History of sewerage

Most Melburnians take our modern and efficient sewerage system for granted – but it wasn’t always this way. See how sewerage evolved: from the early days of ‘Marvellous Smellbourne’, to a future in sustainable resource management.

1800s: Melbourne’s early sewerage

Within the first 50 years of the new settlement, Melbourne’s unsanitary waste disposal had caused a health crisis. A Royal Commission was held to find a solution: building a sewerage system.


1830s: Open sewers and thunderboxes

Waste from houses and factories was emptied into open drains. These ran along streets and flowed into the rivers people used for water. As people drank this polluted water, diseases like ‘colonial fever’ (typhoid) quickly spread.

Black and white illustration of thunderbox toilet, showing back opening for waste pan collection

Did you know? Early toilets (called ‘thunderboxes’) were buckets in outdoor wooden closets. A nightman collected the waste each week, carting it to the edges of Melbourne to fertilise market gardens.


1851: Gold rush and Marvellous ‘Smellbourne’

Black and white photograph of horse and carriages crossing wide street with drain running alongside
Open sewers along Collins Street.

The discovery of gold made Melbourne one of the world’s richest cities. It was also Australia’s largest, housing more than half a million people within a decade.

But more people meant more waste. Grand Melbourne became known as ‘Marvellous Smellbourne’.


1888: Royal Commission into health crisis

Facing a public health crisis, a Royal Commission looked for a solution for Melbourne’s waste. The answer was a network of underground pipes carrying sewage to a treatment farm: a sewerage system.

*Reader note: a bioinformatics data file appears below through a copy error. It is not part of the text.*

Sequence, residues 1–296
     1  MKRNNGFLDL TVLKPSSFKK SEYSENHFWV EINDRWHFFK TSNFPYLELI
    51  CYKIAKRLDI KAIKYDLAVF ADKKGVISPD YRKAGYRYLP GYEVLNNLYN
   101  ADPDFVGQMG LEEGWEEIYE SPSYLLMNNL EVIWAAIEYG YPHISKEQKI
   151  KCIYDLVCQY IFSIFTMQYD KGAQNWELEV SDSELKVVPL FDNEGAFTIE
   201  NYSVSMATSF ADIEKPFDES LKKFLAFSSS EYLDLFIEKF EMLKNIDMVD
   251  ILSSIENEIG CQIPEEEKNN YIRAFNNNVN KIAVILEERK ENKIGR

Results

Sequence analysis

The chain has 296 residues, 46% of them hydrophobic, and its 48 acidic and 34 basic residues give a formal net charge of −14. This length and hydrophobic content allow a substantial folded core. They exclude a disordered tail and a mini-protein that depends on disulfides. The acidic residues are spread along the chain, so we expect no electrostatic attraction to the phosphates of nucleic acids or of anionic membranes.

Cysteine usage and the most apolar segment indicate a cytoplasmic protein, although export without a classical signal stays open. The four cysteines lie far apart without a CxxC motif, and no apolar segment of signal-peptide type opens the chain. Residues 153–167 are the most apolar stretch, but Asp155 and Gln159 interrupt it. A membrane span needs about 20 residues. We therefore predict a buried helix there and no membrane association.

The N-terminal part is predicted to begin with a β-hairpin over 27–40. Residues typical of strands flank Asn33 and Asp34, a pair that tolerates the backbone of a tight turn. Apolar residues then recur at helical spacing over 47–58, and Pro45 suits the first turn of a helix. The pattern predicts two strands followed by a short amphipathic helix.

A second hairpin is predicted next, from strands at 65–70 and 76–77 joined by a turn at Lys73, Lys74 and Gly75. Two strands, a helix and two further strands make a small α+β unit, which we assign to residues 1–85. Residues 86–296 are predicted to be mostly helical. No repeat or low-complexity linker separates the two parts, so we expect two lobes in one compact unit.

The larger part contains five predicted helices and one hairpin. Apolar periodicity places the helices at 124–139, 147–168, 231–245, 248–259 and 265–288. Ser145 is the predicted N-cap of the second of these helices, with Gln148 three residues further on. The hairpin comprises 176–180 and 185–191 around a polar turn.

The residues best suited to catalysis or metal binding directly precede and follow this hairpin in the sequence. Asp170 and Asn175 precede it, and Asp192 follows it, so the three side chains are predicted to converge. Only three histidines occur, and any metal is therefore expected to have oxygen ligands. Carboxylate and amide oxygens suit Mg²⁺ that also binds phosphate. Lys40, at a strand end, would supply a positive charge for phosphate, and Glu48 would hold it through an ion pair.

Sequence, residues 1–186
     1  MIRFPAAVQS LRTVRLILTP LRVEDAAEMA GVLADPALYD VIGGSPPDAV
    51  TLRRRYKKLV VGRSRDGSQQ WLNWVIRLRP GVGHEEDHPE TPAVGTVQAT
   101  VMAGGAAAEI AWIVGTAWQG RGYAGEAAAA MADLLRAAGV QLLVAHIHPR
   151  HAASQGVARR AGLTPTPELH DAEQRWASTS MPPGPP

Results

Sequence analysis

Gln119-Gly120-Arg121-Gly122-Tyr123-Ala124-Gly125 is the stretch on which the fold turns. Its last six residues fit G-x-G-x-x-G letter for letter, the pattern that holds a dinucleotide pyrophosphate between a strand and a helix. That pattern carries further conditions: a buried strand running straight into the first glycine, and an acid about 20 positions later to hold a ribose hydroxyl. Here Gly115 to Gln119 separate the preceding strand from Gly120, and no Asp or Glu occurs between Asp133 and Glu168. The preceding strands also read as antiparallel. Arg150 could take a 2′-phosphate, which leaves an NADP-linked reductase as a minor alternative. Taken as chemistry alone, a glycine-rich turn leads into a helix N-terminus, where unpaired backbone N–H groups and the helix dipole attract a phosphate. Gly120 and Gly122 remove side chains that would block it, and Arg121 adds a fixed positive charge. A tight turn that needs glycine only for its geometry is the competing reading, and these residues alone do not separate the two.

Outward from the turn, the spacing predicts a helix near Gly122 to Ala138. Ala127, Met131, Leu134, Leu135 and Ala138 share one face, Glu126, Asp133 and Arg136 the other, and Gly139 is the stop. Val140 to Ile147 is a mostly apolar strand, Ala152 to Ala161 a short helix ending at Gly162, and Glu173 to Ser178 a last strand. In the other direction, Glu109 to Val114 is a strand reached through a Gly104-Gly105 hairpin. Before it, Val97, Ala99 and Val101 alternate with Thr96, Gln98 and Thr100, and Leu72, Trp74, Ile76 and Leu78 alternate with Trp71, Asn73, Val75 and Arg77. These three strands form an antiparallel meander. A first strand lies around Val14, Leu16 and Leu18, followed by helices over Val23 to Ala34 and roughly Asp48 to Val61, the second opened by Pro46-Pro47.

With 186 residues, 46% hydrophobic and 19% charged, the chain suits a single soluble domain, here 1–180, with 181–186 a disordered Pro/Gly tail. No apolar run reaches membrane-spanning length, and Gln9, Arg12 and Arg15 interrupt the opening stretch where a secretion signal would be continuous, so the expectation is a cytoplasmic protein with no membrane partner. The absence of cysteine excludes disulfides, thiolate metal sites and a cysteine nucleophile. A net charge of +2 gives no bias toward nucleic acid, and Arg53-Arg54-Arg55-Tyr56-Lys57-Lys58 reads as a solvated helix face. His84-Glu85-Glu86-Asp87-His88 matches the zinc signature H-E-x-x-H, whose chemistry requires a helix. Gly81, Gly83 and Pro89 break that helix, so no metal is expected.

Sewerage system plans were drawn in 1889. In 1891, the Melbourne and Metropolitan Board of Works was formed to take responsibility for water and sewerage.


1897: First homes connected to sewerage

Black and white photo of two-storey hotel
All England Eleven Hotel, Port Melbourne: the first property to be connected to the sewerage system in 1897.

Construction began on the sewerage system in 1892. A pumping station was built at Spotswood to send waste to Werribee, where the Metropolitan Sewage Farm (now the Western Treatment Plant) was also being built.

The first homes were connected to the sewerage system in 1897 – a milestone for the city.




Map showing the construction of Melbourne's sewerage system. Click to enlarge.

1900s: Expansion and modernisation

As Melbourne grew, so did its sewerage system. Another treatment plant and more pumping stations were built, and the Western Treatment Plant updated its treatment methods.


1940: Second treatment plant opens

Clarifiers at the Braeside Treatment Plant
Braeside Treatment Plant in 1980, before decommissioning.

Melbourne grew eastward, creating the need for a second treatment plant. This was Mordialloc’s Braeside Treatment Plant, delayed due to the Great Depression. The plant operated until the Eastern Treatment Plant opened in 1975.

Did you know? The Braeside Treatment Plant was turned into a public park: Braeside Park.


1964: A new pumping station for the west

Black and white photo of the Brooklyn Pumping Station
The Brooklyn Pumping Station

The Brooklyn Pumping Station was built to keep up with a growing population. It replaced the Spotswood Pumping Station (which became the Scienceworks Museum in 1992).